Reduce Areas Under AFSPA, Say Civil Society Experts Even as Defence Officials Hail Ops Under It


Armed Forces Special Powers Act (AFSPA) has led to successful operations in the northeastern states in the last three years, leading to the surrender of several insurgents and recovery of weapons and narcotics worth crores of rupees, security and defence officers have told News18, even as civil society experts say territories under the Act should be reduced or the Act should be fully repealed.

According to the official data accessed by News18.com, the security forces have apprehended as many as 464 insurgents from southern part of Arunachal Pradesh, Assam, Nagaland and Manipur in 2021 alone and have seized narcotics and worth Rs 964 crore from these four states.

Moreover, 65 insurgents were arrested this year from the southern districts of Arunachal Pradesh, 200 from Nagaland and 171 from Manipur and 28 from Assam, while seven have been killed in south Arunachal Pradesh and Manipur and Assam each.

Narcotics worth Rs 33 crore, Rs 15 crore and Rs 916 crore were seized in south Arunachal Pradesh, Nagaland and Manipur this year, the data showed.

Around 57 weapons were recovered from insurgents in south Arunachal Pradesh, 163 from Nagaland and 165 from Manipur and 33 from Assam.

In the last two years, 95 and 75 insurgents were caught in south Arunachal Pradesh, 176 and 205 in Nagaland, 422 and 213 in Manipur, the data added.

The central government on Sunday constituted a high-level panel to look into the repeal of the controversial Act in Nagaland.

The five-member committee headed by Registrar General and Census Commissioner of India Vivek Joshi will submit the report in 45 days.

The move was prompted by a botched Army operation earlier this month in Nagaland’s Mon district, which led to the killing of 14 civilians and an Army jawan, triggering protests across Nagaland over the withdrawal of AFSPA from the state.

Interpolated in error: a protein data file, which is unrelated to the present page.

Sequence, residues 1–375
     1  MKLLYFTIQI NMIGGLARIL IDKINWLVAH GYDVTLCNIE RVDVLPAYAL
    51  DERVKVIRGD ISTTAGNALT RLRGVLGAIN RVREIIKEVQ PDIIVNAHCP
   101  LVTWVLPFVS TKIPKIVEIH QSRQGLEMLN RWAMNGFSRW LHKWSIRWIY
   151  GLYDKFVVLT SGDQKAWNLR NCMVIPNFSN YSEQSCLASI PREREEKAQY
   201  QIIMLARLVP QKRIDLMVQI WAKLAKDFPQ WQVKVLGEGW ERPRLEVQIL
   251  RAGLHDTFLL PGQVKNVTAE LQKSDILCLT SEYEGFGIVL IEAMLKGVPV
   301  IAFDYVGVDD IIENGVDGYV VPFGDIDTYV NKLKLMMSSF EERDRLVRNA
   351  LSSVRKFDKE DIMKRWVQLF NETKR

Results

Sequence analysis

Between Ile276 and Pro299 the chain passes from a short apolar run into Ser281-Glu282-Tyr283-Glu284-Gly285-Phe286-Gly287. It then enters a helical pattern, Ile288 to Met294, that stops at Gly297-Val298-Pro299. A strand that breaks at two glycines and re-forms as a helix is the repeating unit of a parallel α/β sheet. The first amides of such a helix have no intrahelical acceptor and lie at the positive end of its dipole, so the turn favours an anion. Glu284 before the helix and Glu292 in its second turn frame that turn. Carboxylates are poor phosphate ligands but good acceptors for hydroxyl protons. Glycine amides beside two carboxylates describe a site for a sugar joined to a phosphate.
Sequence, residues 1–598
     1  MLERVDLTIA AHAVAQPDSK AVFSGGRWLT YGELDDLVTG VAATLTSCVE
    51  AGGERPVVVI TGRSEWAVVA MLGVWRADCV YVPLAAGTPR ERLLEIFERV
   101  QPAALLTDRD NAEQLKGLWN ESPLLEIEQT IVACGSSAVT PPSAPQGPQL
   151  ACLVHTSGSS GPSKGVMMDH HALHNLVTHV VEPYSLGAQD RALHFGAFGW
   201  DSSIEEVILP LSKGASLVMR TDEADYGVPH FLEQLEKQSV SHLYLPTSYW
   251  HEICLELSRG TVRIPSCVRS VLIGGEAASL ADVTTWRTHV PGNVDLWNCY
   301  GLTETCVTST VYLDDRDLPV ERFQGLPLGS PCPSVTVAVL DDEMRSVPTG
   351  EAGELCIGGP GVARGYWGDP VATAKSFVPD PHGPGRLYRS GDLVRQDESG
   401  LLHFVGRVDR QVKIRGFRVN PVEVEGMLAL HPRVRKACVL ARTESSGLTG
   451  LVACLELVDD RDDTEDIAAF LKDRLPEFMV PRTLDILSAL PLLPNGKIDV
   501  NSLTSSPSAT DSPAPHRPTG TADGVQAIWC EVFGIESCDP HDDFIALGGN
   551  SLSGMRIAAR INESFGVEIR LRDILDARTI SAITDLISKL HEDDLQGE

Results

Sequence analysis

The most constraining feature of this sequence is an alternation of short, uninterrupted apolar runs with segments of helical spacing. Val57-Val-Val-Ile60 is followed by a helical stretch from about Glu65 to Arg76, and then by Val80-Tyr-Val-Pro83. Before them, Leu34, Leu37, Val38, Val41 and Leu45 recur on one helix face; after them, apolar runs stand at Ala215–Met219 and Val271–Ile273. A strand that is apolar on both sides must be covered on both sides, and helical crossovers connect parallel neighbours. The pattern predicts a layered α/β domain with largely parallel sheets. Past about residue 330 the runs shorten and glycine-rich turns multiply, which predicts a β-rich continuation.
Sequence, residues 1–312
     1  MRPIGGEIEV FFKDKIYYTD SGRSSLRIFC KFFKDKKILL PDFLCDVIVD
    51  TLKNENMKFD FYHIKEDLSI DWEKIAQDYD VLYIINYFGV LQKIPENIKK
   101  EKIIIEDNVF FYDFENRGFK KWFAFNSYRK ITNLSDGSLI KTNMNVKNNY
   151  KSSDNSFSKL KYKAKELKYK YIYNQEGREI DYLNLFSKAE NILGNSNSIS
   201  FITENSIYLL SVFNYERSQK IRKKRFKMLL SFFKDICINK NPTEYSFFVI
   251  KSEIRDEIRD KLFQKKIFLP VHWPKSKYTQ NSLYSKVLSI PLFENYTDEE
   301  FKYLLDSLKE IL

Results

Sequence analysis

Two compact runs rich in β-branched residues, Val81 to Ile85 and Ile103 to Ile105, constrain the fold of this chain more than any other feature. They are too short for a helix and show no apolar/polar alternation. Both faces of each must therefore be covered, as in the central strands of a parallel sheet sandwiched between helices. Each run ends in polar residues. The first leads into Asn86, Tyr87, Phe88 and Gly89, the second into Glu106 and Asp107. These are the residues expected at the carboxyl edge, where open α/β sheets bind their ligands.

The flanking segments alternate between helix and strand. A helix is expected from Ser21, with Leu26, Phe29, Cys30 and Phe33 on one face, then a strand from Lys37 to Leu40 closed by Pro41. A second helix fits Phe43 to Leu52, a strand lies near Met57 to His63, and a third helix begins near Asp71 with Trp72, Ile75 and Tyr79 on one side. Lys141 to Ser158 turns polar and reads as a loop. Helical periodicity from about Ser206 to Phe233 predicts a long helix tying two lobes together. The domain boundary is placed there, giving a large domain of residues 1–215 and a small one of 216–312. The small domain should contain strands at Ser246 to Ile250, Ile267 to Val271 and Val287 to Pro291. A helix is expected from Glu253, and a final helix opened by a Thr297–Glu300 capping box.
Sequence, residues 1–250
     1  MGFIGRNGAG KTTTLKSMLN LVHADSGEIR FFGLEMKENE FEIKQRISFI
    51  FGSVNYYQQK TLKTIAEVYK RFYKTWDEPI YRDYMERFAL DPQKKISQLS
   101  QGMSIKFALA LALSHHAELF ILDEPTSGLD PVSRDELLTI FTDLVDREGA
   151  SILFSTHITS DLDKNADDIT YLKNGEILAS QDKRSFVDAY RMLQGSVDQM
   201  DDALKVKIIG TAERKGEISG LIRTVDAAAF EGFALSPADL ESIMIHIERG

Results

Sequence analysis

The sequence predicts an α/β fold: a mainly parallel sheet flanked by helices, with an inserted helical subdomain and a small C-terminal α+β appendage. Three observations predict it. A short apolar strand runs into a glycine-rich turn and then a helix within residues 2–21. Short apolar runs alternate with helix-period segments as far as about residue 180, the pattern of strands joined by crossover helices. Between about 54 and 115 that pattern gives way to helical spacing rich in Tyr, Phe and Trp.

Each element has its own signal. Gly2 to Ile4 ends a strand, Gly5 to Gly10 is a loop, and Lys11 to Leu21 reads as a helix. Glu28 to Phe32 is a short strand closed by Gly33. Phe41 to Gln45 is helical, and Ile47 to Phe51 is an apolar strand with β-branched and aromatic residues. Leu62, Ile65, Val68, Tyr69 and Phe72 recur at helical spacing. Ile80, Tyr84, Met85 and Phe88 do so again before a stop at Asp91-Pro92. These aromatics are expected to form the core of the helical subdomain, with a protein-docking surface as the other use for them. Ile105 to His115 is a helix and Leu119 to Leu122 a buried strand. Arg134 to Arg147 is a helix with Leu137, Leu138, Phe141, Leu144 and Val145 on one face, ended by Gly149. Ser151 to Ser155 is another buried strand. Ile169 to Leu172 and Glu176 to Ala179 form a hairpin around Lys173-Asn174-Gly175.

‘Complete Withdrawal of AFSPA Will Halt Ops’

A senior security official said while AFSPA in its present form may not be the way forward, its complete withdrawal from Nagaland and other northeastern states may not be the best solution too. He said it can at the most be amended or partially removed in line with the present ground realities.

“In the backdrop of the current security situation in the northeast, complete removal will halt operations,” the official said.

Sources also said a complete removal of AFSPA might also affect India’s preparedness at the Line of Actual Control with China since insurgents will have a free run in the hinterland and will be able to re-organise, rearm and build up their capabilities and capacities. “In case of tensions at the LAC, they can interdict the Army’s mobilisation and create troubles.”

How Does AFSPA Function?

The functioning of AFSPA is based on a series of steps taken by the state and the central government. When the state government feels that the armed insurgent movement(s) have reached an extreme level of violence and the existing law and order mechanism is unable to act effectively to stem it, the area is declared as “Disturbed Area” by way of an Official Gazette notification.

Security sources say AFSPA empowers security forces to operate in insurgency affected areas. As long as the area remains “disturbed”, the need for the Act stays.

A second source said the Act affords minimum essential protection to members of Armed Forces to ensure fulfilment of the constitutional obligations. The central government can sanction prosecution or other legal proceedings against personnel, who act in contravention to applicable laws and SOPs.